Tracy Martin to Congress: We can’t bring Trayvon back, but we can help others

Tracy Martin, father of Trayvon Martin, left, talks to his attorney Benjamin Crump, on Capitol Hill in Washington, Wednesday, July 24, 2013, during a forum...
Tracy Martin, father of Trayvon Martin, left, talks to his attorney Benjamin Crump, on Capitol Hill in Washington, Wednesday, July 24, 2013, during a forum...
Manuel Balce Ceneta/AP

Trayvon Martin’s father, Tracy Martin, addressed the inaugural hearing of the Congressional Caucus on Black Men and Boys Wednesday, promising to continue to work on behalf of his son and other “black and brown boys” in America.

“I vow to do everything in my power not to give up the fight for him, not only to fight for Trayvon, but to fight for so many other black and brown boys of this country,” he said.

The hearing, titled “The Status of Black Males: Ensuring Our Boys Mature into Strong Men,” was the first for the Caucus formed in March by Washington D.C. Delegate Eleanor Holmes Norton and Rep. Danny Davis of Illinois.

Martin pointed to President Obama’s Friday remarks on his son’s story as a key catalyst for a national dialogue about young African-Americans in America.

“It’s moments and comments such as the president made, that, you know, it sparks the conversation in every household over the dinner table,” he said. “And that conversation is what can we do as parents, what can we do as men, what can we do as fathers, what can we do as mentors, to stop this from happening to your child. And I think that’s where the conversation begins.”

“We’ve taken that negative energy and we’re trying to turn it into a positive,” he continued. “A lot of people will tell you that nothing positive can come out of death but I disagree and I disagree wholeheartedly because it is what we can do tomorrow as a nation, as a people, to stop someone else’s child from being killed.”

“There’s nothing we can do to bring Trayvon back, but if there’s something we can do as a foundation to help other families from going through this, then we’re here,” he added.

Later, during questioning, Martin talked about his desire to see his son’s legacy help lead to a positive outcome.

“When I’m dead and gone, I would like to see that Trayvon Martin’s name attached to some type of statute or amendment that says you can’t simply profile our children, shoot them in the heart, kill them, and say that you were defending yourself.”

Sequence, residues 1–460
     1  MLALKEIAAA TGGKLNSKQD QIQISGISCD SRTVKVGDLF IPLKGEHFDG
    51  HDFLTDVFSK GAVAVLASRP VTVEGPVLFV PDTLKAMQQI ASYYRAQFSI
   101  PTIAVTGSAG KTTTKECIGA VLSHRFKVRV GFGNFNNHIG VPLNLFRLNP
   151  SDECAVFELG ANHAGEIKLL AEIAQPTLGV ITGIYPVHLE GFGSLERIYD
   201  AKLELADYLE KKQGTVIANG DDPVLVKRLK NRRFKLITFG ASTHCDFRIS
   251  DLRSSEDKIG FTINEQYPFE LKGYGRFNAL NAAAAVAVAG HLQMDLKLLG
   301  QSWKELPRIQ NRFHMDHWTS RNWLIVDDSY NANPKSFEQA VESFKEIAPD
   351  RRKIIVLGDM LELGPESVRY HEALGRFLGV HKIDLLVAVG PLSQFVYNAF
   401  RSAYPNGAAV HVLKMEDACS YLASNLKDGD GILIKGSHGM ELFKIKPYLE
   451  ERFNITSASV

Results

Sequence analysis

“With everything I have left in me, we’re going to try to make sure that his name won’t be dragged through the mud, that his legacy will be that Trayvon helped bridge the gap of America,” he added later.

Although Holmes Norton said that the timing of the Caucus’s inaugural hearing, less than two weeks after the verdict in the George Zimmerman trial, was coincidental, she still credited Martin’s story with renewing a focus on the plight of African-American boys in America.

“The loss of 17 -year-old Trayvon has focused attention on black males as nothing else has in decades,” Holmes Norton said.

Miami Rep. Fredrica Wilson agreed.

“There’s nothing more important that could be happening today in this nation than what is happening in this room,” she said.

“Trayvon will go down in history as the martyr who brought to the forefront the causes, the struggles, the suffering of African-American boys,” she added later.

Former Congressman and NAACP President Kweisi Mfume, Georgetown University professor and msnbc contributor Dr. Michael Eric Dyson, and Executive Director of the White House Initiative on Educational Excellence for African Americans David J. Johns also gave testimony at the event.

Johns spoke at length about the need for access to quality early childhood education, echoing the president’s call for expanded programs.

“We cannot solve the employment or education crises facing black boys and men without ensuring they have access to high quality early education,” he said.

“Access to high-quality early education for African-American boys especially can be the difference between a pathway that leads to the White House, and one that leads to the jailhouse,” he said.

Dyson spoke about the suspicion with which black people are perceived.

“Our humanity has been questioned and our intelligence has been questioned,” he said. “As a result of that, black teens inherit a culture where the suspicion and skepticism about their humanity and their intelligence are part and parcel of what we deal with daily.”

He spoke about African-American girls and women as well, contending that the Zimmerman verdict might have turned out differently if Rachel Jeantel had been trusted by the jury. Jeantel was the young women who spoke to Martin on the phone just before he was shot. She was a key witness for the prosecution and was cross-examined intensely by the defense. Her manner of speaking and presentation were widely dissected and criticized in ways that reflected issues of race and class.

Mfume, a former chair of the Congressional Black Caucus, shared his own emotional story, recounting the first time he was ever called the N-word, shortly after the Emmett Till murder.

He spoke of how “blessed” he was to have achieved all he did despite being raised in poverty, and testified to his commitment to helping the next generation of black men.

“Until the day I die, I’m going to make my body a bridge so that somebody can run across it,” he said to applause from many in the room, including Tracy Martin.

“We reaffirm that we have no other obligation in life except to try to make it better for the group coming behind us,” he added. “And we reaffirm that we’ve got to do that working with women, working with organizations, working in our community and standing up as men.”